15 November 2006

the Dismal Swamp

November 15, 2006

Hans and KitKat after breakfast

At 8.30 on Wednesday morning we entered into our first lock, the Deep Creek Lock, which Robert, our lock tender, informed us is part of the oldest continuously operating lock system in North America. Deep Creek lock raised us 8 feet into the Great Dismal Swamp Canal. While we were waiting for the lock to fill with water, Robert offered us danishes & fresh coffee which he provides every morning for the first lock opening. Robert is a very friendly, informative man who seems to really enjoy his job. After we passed through the lock, Robert jumped in his truck and drove a quarter mile down the road to the drawbridge which he then opened for us and 5 other boats. He encouraged us to stop at the Great Dismal Swamp Visitor Center to pick up some free literature.
Whisper & crew in Deep Creek Lock (photo courtesy of lock tender, Robert)
everybody leaves their boat name & direction of travel on the walls of the locks
Kristen holding the bow line in the lock while the lock fills with water
Hans in Deep Creek Lock

The first 20 miles of the trip to South Mills was beautiful. Highway 17 runs parallel to the canal on the east side and the Dismal Swamp runs on the west side. The traffic was light so we were able to hear some birds and appreciate the wildlife. Kristen found herself wishing she knew more tree types. Many slaves used the Great Dismal Swamp as an escape route on their way north. Some lived off the land in the Swamp while others just traversed through in order to catch a boat north in Norfolk, VA. It's easy to see how the Great Dismal Swamp could be used as a hiding place as we could barely see more than 10 feet in past the riverbanks because the undergrowth was so thick.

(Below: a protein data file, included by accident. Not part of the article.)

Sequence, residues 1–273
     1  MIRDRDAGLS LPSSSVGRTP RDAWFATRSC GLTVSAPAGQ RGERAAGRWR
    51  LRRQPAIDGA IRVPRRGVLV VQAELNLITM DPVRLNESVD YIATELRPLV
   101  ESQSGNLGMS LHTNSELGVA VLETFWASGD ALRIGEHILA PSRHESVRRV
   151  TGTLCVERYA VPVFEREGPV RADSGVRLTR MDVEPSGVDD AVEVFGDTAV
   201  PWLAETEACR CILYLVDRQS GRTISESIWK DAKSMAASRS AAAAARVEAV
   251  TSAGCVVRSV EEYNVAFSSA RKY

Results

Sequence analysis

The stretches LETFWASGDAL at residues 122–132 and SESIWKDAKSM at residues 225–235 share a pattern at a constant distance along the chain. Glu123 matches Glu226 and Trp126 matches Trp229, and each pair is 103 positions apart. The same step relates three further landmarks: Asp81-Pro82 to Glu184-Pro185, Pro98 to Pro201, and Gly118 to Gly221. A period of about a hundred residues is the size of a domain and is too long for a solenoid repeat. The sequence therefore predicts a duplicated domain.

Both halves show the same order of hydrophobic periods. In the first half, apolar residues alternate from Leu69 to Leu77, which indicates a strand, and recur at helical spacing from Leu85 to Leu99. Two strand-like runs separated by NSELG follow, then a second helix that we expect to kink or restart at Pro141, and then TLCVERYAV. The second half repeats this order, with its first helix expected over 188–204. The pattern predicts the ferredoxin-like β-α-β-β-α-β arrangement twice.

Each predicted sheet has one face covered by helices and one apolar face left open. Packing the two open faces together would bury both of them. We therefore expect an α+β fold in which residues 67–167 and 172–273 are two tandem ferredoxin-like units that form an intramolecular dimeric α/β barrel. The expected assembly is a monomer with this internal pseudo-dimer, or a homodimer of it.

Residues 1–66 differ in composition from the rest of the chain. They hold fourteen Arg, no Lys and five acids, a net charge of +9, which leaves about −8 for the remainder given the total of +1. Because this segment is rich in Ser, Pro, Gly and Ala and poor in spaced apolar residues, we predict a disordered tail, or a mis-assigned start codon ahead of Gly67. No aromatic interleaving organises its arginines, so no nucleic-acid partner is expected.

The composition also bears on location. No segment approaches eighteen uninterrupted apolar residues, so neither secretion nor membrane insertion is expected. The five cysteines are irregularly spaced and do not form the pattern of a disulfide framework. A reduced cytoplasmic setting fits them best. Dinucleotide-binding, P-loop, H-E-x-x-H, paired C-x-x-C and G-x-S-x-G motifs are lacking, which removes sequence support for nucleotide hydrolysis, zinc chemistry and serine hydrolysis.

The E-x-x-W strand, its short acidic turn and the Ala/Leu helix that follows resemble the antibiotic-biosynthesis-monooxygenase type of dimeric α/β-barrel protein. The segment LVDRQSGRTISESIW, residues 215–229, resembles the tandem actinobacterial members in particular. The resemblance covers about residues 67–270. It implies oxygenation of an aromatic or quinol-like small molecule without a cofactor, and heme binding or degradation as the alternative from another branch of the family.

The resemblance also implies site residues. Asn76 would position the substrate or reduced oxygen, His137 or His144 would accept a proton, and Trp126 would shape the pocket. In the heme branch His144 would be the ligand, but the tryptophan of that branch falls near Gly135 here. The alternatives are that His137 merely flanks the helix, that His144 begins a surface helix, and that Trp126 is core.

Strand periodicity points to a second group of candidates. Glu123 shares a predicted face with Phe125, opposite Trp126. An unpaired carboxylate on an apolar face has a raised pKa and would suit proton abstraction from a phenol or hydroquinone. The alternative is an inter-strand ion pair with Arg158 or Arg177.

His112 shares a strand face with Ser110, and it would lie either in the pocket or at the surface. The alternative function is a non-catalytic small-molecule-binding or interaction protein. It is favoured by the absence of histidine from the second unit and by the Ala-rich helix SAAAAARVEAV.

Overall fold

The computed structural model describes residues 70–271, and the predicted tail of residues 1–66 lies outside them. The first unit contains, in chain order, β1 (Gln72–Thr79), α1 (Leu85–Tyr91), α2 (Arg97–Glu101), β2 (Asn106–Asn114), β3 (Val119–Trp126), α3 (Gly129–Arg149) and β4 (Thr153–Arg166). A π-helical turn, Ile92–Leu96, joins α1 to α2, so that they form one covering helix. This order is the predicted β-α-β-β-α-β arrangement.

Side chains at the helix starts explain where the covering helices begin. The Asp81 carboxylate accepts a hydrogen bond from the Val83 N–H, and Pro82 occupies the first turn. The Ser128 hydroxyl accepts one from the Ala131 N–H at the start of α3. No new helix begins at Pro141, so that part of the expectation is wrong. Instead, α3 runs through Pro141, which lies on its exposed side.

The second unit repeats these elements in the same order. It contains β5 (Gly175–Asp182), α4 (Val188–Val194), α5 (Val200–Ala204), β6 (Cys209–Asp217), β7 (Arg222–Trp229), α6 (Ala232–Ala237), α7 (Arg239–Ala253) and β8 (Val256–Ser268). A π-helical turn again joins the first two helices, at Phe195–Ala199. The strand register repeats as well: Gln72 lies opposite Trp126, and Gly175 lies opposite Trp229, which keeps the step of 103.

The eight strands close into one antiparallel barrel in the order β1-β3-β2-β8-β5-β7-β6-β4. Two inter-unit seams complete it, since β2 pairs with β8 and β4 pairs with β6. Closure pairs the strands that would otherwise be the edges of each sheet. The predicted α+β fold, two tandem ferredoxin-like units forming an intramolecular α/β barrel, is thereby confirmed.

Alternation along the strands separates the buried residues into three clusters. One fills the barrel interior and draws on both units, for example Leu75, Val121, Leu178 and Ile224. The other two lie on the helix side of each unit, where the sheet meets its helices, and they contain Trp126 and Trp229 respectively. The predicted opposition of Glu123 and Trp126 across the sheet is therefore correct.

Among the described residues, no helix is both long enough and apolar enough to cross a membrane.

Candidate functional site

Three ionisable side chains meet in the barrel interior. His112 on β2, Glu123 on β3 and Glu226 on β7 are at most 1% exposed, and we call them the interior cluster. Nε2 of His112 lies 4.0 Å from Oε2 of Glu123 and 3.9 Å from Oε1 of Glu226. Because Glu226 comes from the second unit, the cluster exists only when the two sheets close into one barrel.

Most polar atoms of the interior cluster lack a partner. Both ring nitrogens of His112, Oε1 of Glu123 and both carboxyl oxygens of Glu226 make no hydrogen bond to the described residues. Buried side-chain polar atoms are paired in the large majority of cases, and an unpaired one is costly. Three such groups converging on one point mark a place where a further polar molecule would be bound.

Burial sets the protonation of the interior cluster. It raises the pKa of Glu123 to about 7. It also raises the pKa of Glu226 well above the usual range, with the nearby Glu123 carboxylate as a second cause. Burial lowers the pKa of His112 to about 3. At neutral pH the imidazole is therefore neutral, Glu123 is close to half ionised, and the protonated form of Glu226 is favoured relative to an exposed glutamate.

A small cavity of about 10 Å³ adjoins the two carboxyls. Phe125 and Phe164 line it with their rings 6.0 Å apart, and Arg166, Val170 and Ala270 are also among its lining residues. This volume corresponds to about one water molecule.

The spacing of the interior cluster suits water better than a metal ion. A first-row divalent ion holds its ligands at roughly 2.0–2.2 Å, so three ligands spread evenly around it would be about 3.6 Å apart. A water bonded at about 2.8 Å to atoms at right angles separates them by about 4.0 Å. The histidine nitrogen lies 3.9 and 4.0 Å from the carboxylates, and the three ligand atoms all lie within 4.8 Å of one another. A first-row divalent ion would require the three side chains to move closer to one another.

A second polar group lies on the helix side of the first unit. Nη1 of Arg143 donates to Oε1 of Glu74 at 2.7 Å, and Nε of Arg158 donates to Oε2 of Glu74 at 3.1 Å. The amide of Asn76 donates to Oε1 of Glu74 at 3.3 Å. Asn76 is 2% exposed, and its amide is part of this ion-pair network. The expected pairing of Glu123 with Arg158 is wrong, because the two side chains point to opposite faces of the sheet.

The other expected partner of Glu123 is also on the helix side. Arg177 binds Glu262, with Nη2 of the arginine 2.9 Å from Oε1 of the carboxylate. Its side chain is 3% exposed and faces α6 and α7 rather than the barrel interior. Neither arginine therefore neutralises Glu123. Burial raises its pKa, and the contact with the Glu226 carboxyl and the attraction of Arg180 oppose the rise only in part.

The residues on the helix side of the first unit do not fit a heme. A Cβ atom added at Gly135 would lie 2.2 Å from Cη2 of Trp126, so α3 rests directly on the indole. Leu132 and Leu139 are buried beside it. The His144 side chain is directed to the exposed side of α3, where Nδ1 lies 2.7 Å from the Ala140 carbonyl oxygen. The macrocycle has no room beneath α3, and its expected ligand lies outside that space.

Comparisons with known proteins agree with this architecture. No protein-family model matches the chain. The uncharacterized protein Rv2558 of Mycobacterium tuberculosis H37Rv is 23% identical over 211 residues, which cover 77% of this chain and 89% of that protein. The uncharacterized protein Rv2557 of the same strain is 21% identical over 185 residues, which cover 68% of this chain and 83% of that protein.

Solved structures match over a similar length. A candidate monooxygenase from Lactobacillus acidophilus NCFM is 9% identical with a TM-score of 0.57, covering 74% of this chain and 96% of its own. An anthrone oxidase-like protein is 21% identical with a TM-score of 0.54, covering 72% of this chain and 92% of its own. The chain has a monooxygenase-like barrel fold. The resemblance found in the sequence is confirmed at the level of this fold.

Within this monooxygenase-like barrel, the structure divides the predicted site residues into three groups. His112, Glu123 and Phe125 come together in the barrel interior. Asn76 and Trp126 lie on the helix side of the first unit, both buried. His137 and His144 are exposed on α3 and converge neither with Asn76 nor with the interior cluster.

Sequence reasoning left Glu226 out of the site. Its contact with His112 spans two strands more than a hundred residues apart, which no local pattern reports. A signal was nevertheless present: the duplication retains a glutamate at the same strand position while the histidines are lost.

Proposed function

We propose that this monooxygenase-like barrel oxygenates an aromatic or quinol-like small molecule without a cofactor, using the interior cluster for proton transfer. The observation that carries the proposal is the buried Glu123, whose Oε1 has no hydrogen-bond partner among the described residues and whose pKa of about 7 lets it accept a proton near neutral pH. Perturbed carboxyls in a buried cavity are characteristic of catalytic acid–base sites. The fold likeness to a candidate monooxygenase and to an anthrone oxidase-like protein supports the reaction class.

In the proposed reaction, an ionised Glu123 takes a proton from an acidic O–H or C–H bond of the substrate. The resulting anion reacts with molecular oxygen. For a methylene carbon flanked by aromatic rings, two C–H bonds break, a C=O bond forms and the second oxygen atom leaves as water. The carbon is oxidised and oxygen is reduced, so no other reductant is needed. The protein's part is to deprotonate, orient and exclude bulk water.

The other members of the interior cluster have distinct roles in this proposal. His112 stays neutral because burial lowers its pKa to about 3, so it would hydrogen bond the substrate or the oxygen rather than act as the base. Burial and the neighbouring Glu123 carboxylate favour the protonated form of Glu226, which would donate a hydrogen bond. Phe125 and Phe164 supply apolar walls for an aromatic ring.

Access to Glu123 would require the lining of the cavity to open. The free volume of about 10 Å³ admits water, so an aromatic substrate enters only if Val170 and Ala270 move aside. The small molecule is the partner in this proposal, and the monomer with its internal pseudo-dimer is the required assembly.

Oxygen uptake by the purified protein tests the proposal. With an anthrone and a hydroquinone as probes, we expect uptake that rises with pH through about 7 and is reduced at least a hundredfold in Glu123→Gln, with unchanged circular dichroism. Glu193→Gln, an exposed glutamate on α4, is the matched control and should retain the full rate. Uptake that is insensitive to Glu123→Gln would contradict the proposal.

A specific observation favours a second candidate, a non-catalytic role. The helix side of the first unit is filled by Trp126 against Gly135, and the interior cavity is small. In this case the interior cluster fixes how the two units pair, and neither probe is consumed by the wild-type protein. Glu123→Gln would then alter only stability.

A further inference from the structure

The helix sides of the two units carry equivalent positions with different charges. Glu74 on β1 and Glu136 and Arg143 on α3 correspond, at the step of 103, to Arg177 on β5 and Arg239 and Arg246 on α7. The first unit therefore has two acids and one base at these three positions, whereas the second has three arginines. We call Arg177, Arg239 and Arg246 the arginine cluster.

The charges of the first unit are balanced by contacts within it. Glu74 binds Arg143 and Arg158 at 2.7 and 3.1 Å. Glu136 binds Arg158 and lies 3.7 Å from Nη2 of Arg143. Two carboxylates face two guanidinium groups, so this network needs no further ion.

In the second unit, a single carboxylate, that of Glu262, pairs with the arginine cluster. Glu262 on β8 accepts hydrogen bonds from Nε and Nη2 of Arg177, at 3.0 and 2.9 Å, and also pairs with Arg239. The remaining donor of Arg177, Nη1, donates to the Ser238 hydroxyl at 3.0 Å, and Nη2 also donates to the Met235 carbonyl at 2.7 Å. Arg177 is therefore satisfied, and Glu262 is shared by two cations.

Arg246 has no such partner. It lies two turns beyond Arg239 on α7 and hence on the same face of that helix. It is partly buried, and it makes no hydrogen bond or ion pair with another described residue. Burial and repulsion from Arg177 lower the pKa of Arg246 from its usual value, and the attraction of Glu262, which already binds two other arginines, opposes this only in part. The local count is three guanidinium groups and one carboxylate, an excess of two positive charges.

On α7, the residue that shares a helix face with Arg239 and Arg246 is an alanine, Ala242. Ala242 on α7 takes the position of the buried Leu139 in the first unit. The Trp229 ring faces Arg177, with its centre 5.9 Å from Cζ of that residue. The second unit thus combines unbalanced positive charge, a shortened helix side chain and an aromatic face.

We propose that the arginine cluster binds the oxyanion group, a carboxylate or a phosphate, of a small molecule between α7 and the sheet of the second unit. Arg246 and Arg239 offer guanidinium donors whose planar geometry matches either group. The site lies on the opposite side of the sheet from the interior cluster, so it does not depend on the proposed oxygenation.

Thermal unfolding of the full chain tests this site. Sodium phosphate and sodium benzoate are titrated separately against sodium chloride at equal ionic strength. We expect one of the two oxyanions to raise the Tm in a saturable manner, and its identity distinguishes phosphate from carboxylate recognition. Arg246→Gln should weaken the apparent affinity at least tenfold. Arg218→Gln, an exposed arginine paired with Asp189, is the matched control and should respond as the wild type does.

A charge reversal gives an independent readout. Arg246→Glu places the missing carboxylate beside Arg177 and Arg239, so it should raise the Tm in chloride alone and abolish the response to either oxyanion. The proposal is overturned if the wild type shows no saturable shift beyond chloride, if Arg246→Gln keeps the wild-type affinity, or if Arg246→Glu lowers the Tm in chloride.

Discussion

Parade of boats heading south



By the time we got to South Mills Lock, we were old pros at locking with a sailboat. This lock lowered us back down 8 feet. From South Mills it is 18 miles to Elizabeth City, NC where the city offers free docking to transient sailboats. (Elizabeth City also offers free wifi which helps with the blogging.) About 4 miles after South Mills, the canal ended and we entered the Pasquotank River, which, in turn, empties into the Albemarle Sound. The Pasquotank River is very scenic & windy with almost no development. It was a little odd to see sailboat masts winding their way down through the turns.
Wakeboarding in November

Boris, Whisper's 13.5 hp Beta engine, was not only able to keep up with bigger boats, but we passed a couple easily. Just in the past 2 days, people have been asking "what do ya got under your hood?". Way to go Boris!

We arrived in Elizabeth City a little after dark and, with a few tribulations, were able to back into a slip, which we discovered today is the "Clark" Slip (each slip is named and dedicated by local residents, similar to park benches). We went on a short walk to get some beer and found a seafood market which sold us 2 uncooked crabcakes for $5! Dinner was rice, asparagus & crabcakes with beer. Hard to beat!

1 comment:

ECA CVB - Sales & Marketing Coordinator said...

You posted some great pictures of your trip into Elizabeth City!